Anglo–Spanish photographer Arnhel de Serra has a talent for capturing the idiosyncrasies of our culture which I presume is at least partly down to the perspective inherent in having mixed heritage. In projects like Shows and National Trust he succeeds in showing that these quintessentially British features are not abstract environments but events where people come together and passions are shared.
His is a multilayered approach, which sets as much store in the dozing elderly National Trust visitor as it does the sweeping vista of the property itself, and values the intimate moments in a shady vegetable tent as much as the big set-piece country show stalwarts. As a mirror on ourselves it’s not just accurate, but charming too.
His work will be on show as part of the London Festival of Photography which starts in June.
- Dressed in Black: the resolute book covers of the Spektrum series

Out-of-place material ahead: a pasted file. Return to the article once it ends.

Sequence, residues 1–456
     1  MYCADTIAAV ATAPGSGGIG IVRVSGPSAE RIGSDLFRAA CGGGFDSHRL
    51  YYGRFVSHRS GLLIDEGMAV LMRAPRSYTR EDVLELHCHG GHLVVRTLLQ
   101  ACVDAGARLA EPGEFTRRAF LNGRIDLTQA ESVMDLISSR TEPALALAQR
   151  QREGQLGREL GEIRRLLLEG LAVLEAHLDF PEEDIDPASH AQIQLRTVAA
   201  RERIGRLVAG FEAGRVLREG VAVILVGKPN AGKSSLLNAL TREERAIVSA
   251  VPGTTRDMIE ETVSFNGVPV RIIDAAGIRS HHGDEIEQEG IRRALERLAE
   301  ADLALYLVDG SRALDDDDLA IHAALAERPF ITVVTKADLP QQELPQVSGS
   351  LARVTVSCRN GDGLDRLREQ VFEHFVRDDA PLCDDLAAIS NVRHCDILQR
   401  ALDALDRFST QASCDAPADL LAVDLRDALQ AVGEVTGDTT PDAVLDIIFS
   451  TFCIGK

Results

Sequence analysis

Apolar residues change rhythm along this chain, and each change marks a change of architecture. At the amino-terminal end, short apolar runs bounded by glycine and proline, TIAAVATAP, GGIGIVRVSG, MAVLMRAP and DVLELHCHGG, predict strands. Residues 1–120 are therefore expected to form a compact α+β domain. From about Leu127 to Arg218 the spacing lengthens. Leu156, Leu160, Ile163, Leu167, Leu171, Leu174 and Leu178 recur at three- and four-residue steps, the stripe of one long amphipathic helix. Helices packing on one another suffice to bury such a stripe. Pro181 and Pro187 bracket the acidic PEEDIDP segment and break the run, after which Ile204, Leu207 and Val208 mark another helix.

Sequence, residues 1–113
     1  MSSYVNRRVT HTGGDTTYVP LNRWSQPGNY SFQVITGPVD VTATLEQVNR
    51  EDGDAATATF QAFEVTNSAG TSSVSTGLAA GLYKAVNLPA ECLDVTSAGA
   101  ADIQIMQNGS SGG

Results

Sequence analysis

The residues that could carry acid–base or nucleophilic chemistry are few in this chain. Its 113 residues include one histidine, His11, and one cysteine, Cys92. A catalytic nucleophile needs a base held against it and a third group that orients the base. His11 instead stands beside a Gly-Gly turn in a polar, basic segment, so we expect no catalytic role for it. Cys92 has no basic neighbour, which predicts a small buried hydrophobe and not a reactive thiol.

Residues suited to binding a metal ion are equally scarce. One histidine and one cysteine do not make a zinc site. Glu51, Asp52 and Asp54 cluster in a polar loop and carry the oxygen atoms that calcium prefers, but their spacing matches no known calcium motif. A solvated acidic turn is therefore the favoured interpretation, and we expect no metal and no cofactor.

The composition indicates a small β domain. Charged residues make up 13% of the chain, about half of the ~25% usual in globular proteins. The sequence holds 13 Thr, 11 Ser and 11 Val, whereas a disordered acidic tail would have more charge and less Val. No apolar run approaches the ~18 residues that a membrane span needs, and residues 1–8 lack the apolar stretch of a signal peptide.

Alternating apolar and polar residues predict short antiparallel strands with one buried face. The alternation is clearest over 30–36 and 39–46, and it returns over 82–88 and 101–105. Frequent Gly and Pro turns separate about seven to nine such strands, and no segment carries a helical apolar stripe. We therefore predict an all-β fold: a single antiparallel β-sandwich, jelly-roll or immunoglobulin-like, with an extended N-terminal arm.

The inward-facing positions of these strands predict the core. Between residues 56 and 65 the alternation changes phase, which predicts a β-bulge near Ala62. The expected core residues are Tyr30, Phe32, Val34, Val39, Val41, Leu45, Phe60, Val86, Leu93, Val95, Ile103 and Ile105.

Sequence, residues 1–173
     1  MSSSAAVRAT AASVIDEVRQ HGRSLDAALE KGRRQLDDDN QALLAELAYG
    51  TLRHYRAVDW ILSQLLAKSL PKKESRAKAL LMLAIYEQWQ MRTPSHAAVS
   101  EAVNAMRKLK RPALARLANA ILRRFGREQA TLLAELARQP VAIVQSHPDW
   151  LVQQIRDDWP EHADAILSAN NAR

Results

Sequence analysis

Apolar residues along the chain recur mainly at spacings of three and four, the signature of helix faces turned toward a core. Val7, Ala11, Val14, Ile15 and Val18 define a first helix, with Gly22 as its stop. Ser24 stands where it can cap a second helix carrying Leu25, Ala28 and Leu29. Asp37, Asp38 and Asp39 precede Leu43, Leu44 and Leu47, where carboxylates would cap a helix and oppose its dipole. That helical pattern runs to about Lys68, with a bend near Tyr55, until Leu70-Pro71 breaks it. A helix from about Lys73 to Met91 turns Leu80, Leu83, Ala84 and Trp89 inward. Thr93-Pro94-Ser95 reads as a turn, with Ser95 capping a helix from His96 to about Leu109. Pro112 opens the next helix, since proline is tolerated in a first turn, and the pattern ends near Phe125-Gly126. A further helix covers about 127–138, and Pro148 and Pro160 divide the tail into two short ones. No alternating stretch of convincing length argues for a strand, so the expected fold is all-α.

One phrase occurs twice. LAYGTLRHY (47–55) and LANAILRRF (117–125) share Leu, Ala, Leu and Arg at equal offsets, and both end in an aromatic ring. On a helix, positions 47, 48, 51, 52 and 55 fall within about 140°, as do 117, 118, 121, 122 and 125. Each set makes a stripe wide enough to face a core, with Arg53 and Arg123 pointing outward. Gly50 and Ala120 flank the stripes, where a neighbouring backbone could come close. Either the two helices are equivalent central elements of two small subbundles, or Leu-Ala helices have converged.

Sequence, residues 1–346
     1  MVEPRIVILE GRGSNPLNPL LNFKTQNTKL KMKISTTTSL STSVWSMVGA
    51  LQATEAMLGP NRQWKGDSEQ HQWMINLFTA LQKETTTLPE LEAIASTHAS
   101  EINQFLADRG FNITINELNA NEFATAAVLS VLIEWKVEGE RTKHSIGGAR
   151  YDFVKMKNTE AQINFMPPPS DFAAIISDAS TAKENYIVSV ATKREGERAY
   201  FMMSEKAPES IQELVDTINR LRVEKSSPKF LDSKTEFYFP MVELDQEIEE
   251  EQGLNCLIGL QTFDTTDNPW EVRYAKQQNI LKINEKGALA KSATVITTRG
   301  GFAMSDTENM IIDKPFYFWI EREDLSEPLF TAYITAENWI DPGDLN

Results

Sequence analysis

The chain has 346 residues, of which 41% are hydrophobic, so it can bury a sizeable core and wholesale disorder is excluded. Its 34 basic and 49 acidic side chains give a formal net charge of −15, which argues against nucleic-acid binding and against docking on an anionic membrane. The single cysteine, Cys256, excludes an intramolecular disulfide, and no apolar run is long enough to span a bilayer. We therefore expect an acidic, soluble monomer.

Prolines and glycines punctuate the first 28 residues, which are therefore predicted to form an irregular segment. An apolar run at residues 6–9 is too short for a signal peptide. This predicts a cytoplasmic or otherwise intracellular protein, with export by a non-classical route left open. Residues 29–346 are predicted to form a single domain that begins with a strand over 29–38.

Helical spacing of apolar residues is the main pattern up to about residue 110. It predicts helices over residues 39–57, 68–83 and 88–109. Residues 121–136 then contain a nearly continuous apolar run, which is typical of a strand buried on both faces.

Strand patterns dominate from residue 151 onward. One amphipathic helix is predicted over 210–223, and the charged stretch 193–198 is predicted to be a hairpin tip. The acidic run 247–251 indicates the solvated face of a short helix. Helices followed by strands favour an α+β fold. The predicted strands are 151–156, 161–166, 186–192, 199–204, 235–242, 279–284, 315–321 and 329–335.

- Dima Shriyeav’s textured poster designs incorporate hand-drawn and digital elements
- Hai-Hsin Huang’s detailed and delicate illustrations present “the lightness of being”
- Laurent Eisler draws playful figures in “precariously balanced compositions”
- Small Gods magazine explores “anomalies of the drone”
- Adam Wells animates Love and Radio’s Dan Deacon interview through obtuse vignettes
- Fashion photographer Miles Aldridge shoots the cast of Game of Thrones for Time Magazine
- The Netherlands’ royal crest changes gender for national women’s football team kit by Nike
- Peek inside erotic magazine Odiseo’s very NSFW tenth issue
- Rick and Morty’s Exquisite Corpse trailer features 22 animators including Simon Landrein and Bendik Kaltenborn
- Design director, Gail Bichler, on The New York Times Magazine typography exhibition
- Mark Shaw captures the glamour of haute couture runways from the 1950s